I’m not objecting to Rick being sexist. The show has established Rick as an unrepentant asshole. Yes, Rick ultimately does care about his family, but he is extremely self-destructive, so even if he values women he’s still not above using sexism to drive them away. Before this episode Rick never had any adventures with Summer—the vast majority of his interactions were with Morty—so this is the first time we see them interact for a long period of time. While Rick could be just trying to push Summer away, I would argue his behavior is still sexist. Rick clearly thinks leaving Summer behind will protect her and treats her in a patronizing way throughout the episode, as though she can’t take care of herself. Rick’s sexism may also come from his belief that women are a distraction, as he essentially tells Summer that life would be more efficient without women. This is clearly Rick’s own way of protecting himself and his constant relationship failures. In the previous episode, “Rick Potion #9”, Rick tells Morty that love is just chemicals in our brain trying to get us to mate. He further tells Morty to rise above this and focus on science. Though Rick is clearly not straight, we have seen that Rick tends to prefer women, so in his mind being able to get rid of women would mean that he wouldn’t ever be in danger of having feelings for them, lessening his chances of getting hurt. Summer does challenge him on his beliefs about women throughout the episode and by the Gazorpian women so it is made clear that Rick is doing something wrong.
What I don’t understand is how Rick perpetuates rape culture. Granted, Rick doesn’t seem to care about rape, which is weird for me to even type, but he doesn’t seem to approve of it either. In the episode “Rick Potion #9”, Rick, at Morty’s request, gives Morty a chemical that he can put on his crush Jessica to make her fall in love with him. The whole thing goes horribly wrong when everyone becomes obsessed with Morty and turns into horrible monsters. Morty blames Rick who gets angry at Morty for pushing the blame on him because it was Morty who wanted the “roofie juice serum” in the first place. So Rick knows that had the serum not gone wrong, he would have been helping Morty rape Jessica. He even realizes that rape is bad, but ultimately doesn’t seem to care. However, in the episode “Meeseeks and Destroy”, Morty is nearly raped by a humanoid jelly bean. When Rick realizes this he takes steps to make Morty feel better and then kills the jelly bean. So while Rick may seem to buy into rape culture or at least has no intention of stopping it, he does care about harm coming to his family. Which is why it is so frustrating then that he blames Summer when she is nearly raped by the Gazorpian men. It seems out of character for Rick, unless he is lashing out at Summer because he is scared about what could have happened to her, but if so, that’s not effectively portrayed.
Ultimately though the show does still recognize that sexism exists. When Rick points out that humans and Gazorpians are different, he claims that on Earth men and women are equal. Summer challenges him by saying that women make less money than men. The Gazorpian women also comment when they return Rick and Summer to Earth that they are sending them back to their weird planet where women are kind of equal but not really. So the show acknowledges that sexism is real, but doesn’t ever address it in a way that is truly constructive.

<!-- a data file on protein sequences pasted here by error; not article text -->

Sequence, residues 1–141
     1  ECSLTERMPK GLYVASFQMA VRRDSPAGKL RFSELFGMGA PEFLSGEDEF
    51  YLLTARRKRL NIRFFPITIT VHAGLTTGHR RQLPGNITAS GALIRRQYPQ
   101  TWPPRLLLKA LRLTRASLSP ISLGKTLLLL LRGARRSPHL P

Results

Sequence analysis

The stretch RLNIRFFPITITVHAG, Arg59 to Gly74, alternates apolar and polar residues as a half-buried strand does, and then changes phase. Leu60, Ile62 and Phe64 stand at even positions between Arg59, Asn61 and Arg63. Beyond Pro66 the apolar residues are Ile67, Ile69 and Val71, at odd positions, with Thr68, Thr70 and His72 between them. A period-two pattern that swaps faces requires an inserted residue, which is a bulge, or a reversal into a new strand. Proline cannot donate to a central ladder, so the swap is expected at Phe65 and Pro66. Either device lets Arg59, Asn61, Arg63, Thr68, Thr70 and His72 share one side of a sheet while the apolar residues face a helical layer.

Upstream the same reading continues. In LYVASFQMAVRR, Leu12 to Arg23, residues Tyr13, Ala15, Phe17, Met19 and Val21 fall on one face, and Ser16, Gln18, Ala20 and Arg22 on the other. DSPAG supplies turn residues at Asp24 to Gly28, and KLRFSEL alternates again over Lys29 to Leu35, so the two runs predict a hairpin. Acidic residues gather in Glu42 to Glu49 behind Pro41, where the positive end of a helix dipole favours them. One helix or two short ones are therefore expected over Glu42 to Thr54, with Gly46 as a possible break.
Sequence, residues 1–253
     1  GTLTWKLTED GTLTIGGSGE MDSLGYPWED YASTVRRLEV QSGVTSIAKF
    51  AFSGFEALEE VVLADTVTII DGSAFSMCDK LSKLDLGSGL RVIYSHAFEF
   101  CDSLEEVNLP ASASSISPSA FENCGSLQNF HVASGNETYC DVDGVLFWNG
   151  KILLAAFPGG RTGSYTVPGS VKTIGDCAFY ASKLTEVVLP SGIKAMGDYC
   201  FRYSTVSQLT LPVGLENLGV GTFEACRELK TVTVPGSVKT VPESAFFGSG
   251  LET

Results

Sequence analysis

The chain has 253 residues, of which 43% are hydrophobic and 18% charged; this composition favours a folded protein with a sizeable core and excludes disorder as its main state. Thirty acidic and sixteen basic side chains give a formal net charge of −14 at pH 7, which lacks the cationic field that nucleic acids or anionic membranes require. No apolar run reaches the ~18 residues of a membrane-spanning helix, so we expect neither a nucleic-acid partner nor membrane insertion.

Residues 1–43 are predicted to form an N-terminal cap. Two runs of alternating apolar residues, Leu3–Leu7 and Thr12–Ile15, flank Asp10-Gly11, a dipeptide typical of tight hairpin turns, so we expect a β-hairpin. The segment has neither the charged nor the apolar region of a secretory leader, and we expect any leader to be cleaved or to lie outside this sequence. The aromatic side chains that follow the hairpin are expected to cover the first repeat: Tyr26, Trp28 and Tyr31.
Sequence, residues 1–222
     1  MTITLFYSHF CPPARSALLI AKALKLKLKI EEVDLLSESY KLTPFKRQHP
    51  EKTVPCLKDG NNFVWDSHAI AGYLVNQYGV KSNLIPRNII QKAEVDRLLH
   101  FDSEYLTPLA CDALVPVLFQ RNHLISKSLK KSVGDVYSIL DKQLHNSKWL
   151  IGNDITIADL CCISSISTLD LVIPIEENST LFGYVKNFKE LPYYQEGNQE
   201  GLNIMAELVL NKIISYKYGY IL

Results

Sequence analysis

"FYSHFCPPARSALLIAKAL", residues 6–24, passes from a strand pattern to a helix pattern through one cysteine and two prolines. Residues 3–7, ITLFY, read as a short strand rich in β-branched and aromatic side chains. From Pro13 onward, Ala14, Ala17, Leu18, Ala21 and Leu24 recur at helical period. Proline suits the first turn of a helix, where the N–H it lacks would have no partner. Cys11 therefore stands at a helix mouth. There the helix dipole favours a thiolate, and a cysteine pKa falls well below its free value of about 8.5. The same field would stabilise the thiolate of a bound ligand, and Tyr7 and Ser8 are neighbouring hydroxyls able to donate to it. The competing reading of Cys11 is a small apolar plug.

Rick does seem to learn something of a lesson after this, because despite his griping, Summer is included in Rick’s adventures without protest more often after that episode. Rick and Morty isn’t exactly a show that teaches anyone a lesson, but this episode seems to attempt to address the gender issues in the show without actually addressing them. I think the overall message is to show how things on Earth are better than Gazorpazorp because humans don’t fulfill the Gazorpian stereotypes. However it doesn’t portray this well and relies on other stereotypes like gay men being good at fashion to help show this. I think another reason that the ending is unsatisfying is because of Rick and Morty’s more nihilistic and pessimistic tone. The overall episode seems to postulate that things are better on Earth, but that overall everything still sucks as far as gender dynamics and relationships. And while that is classic Rick and Morty, it still falls short of other episodes like “Look Who’s Purging Now”, which discusses socioeconomic issues and which has a slightly clearer message. Maybe this episode just tried to do too much in one episode and so wasn’t able to address things as effectively as others. I love Rick and Morty, but as a fan of the show, this episode was frustrating. It was still funny, but it seemed to lack the depth that many of the other episodes had, which is disappointing for such a smart and well-done show. In the future, if the show attempts to discuss gender dynamics again, I hope they do it in a far better way.